Newsmakers : Taxing Times For A New President



Colom: Facing challenges on the fiscal front.

Just weeks after being sworn in on January 14 as the new Guatemalan president, Álvaro Colom—the Central American country’s first left-of-center leader since Jacobo Árbenz, who was overthrown in a United States-assisted coup in 1954—is facing challenges on the fiscal front. Although the administration aims to boost revenues without raising taxes, business leaders are up in arms over the extension of a controversial tax. Without it, however, Colom will have a tough time delivering on his promise to improve social conditions.

The controversial tax, called IETAAP, was introduced as a temporary measure to support the government’s commitments under the 1996 peace agreements that ended a bloody civil war. While the tax was to end in 2007, legislators approved its extension through 2008, forcing businesses to pay 1% of their gross income or assets. Some businesses are exempt, but business groups, including the Guatemala Chamber of Commerce, are threatening to legally challenge the tax’s extension. The groups had already convinced the Constitutional Court to eliminate another tax.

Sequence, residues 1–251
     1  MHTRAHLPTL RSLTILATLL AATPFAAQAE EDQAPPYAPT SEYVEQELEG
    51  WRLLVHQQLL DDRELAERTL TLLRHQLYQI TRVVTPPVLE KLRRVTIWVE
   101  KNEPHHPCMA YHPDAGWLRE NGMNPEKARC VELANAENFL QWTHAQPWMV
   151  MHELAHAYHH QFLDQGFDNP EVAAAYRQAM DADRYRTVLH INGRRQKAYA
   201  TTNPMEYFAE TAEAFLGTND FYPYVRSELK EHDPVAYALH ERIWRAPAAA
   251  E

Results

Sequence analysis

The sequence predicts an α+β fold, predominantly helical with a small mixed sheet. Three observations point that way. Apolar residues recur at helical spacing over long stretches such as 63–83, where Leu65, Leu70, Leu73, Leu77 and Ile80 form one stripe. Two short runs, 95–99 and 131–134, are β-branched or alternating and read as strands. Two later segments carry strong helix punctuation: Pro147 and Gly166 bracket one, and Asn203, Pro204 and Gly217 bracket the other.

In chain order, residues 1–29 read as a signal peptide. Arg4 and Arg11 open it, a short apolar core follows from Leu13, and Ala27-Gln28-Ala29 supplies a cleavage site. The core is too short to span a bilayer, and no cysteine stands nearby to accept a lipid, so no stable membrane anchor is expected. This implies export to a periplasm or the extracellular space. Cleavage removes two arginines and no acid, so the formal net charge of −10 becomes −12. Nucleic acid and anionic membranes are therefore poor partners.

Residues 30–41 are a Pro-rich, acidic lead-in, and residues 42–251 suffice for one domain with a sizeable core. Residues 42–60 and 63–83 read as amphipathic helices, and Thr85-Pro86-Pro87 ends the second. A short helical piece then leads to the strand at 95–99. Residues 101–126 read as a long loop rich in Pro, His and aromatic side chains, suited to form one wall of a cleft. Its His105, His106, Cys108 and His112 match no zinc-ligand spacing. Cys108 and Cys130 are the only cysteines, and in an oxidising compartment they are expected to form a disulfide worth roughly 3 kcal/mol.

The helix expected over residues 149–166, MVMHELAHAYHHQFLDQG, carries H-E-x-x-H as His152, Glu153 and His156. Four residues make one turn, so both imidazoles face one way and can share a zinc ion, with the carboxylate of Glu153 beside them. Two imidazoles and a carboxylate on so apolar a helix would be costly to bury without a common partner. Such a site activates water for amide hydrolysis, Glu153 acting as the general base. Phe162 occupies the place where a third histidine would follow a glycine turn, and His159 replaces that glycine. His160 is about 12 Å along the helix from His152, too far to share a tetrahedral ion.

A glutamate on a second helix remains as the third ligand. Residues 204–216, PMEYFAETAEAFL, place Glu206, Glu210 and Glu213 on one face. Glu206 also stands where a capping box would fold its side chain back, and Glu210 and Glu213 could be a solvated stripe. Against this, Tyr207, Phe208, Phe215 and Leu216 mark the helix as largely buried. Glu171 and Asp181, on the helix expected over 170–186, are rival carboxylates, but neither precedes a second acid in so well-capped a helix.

The decision to extend the IETAAP came last December, before Colom took office. His predecessor, Oscar Berger, also secured approval of the 2008 budget but cut social spending. With Colom’s party not holding a congressional majority, it will be difficult for him to fix the situation.

The economy has been on Colom’s side, with tax revenues rising and GDP expanding 5.7% last year—the highest growth rate since 1977. Growth has been fueled by increased exports and commodity prices, though a US economic slowdown may hurt trade and will affect remittances from Guatemalans in the US.

Colom has called on businesses to enter into a “social pact” with his administration to help the poor. Business leaders, who generally support him, may have a difference of opinion as to how to lend a hand in his social crusade.

Antonio Guerrero